Very few times Bollywood passes the muster based on the talent of the scriptwriters and the directors. This time, it aces the test. After a long haul and foisted torture of irrelevant movies like A Girl on the Train and Mrs Serial Killer, Netflix has finally found a strong ground on which it can safely claim that talent still resides in this industry. The new trending feature film ‘Ajeeb Daastaans’ sets the standard high because of brilliant storytelling and near-perfect execution of the plot. Cherry-picked cast, on-point dialogues, twisted tales and unexpected climax make this movie a delightful watch. Ajeeb Daastaans is an anthology of four short stories that majorly focus on the chameleonic nature of man. Each story has a sub-theme yet the most powerful message in each one of them is the portrayal of a stimulus that prompts the animal-like instinct to come to power and take the reins of the conscience in its hands. While each story evokes a variety of emotions, the endings promise to leave you benumbed.
The first story stars Jaideep Alhawat, Fatima Sana Shaikh and Armaan Ralhan. The idea pans around the marriage of Lipakshi and Babloo who are tied in the nuptial bond because of the family pressure and the political power that the marriage brings along. Enters Raj, the son of Babloo’s driver who is not only handsome but also witty. His looks are deceptive and words- wise. He explores the pathos of Lipakshi’s life who struggles to feel accepted by her husband. Alone and hopeless, she does everything possible to humiliate Babloo and make him feel the need to consummate their marriage. But her charm fails. What follows next is a web of betrayal, lies and revenge in which the three characters get sucked gradually. With every changing frame, the unexpected turn of events is sure to leave the audience in splits! Fatima and Jaideep are fabulous in their respective roles. Armaan, the new boy in town, succeeds in leaving a lasting impression too. This story is titled ‘Majnu’ for several reasons I think. Majnu translates to a lover. Here, each character is a lover- a lover of money, a lover of power and a lover of love!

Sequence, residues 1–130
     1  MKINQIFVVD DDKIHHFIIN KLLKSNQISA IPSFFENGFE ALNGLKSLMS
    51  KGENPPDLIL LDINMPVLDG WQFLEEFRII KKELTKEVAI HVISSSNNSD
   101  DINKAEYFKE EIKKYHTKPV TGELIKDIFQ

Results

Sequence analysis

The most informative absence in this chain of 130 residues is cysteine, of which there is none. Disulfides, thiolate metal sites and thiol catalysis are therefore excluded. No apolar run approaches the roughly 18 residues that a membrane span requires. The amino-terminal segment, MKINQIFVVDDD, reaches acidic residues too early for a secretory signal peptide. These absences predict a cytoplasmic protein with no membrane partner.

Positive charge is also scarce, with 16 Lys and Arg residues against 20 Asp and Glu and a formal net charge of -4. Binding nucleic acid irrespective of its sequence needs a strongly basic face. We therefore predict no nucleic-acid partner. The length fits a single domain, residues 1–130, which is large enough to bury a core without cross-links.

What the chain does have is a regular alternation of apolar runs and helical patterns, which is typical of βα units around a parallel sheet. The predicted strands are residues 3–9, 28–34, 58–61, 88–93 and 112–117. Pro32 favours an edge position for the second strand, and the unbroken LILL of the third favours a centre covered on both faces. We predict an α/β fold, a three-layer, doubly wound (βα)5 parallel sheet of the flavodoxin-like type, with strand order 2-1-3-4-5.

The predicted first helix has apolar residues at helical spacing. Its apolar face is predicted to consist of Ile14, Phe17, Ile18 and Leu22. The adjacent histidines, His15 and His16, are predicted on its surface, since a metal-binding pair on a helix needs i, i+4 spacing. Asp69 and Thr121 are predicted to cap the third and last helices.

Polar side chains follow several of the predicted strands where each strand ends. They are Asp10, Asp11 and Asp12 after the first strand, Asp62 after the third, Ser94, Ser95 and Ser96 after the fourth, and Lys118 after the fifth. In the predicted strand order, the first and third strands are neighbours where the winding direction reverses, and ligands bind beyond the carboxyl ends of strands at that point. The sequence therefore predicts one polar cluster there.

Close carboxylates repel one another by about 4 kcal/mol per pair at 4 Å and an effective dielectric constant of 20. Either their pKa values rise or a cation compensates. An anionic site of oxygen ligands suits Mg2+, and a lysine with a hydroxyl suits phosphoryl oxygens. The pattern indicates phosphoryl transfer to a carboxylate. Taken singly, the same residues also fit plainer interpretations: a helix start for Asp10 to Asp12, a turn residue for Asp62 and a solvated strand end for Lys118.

The second story is called ‘Khilauna’ which translates to ‘toy’. Starring Abhishek Banerjee, Nushrat Bharucha and Inayat Verma, this story acts as a mirror for the viewers. Establishing a clear dividing line between the rich and the poor, the needy and the resourceful and courage and fear, Khilauna is suspenseful and sinister. Meenal, a household help, and her little sister, Binny, try to make ends meet by washing utensils, mopping and cleaning and catering to the needs of the rich. While Meenal knows how the world works, Binny just picks on the cues thrown by her sister. Sushil, laundry personnel, loves Meenal but cannot afford to show his affection in public because the new secretary warns him to keep his hands off women. In a strange turn of events, Meenal decides to work in the secretary’s house so that he is able to quench his lust by getting an opportunity to stare at Meenal and Meenal, on the other hand, can convince him to allow power supply in her small house. This barter system is beyond comprehension, for Meenal’s naivety to underestimate the secretary’s lust is unfathomable. Secondly, the climax is questionable. A murder is committed and the culprit is shown to have no real motive behind committing the sin. Several unanswered questions linger long after the movie ends and the plausibility of events is sure to make the viewers rack their brains! Nevertheless, it would be unfair not to compliment the pace and execution of the plot so far. Nushrat and Abhishek are splendid in their roles. Little Inayat exemplifies her character! I only wish that the cliffhanger was more comprehensible!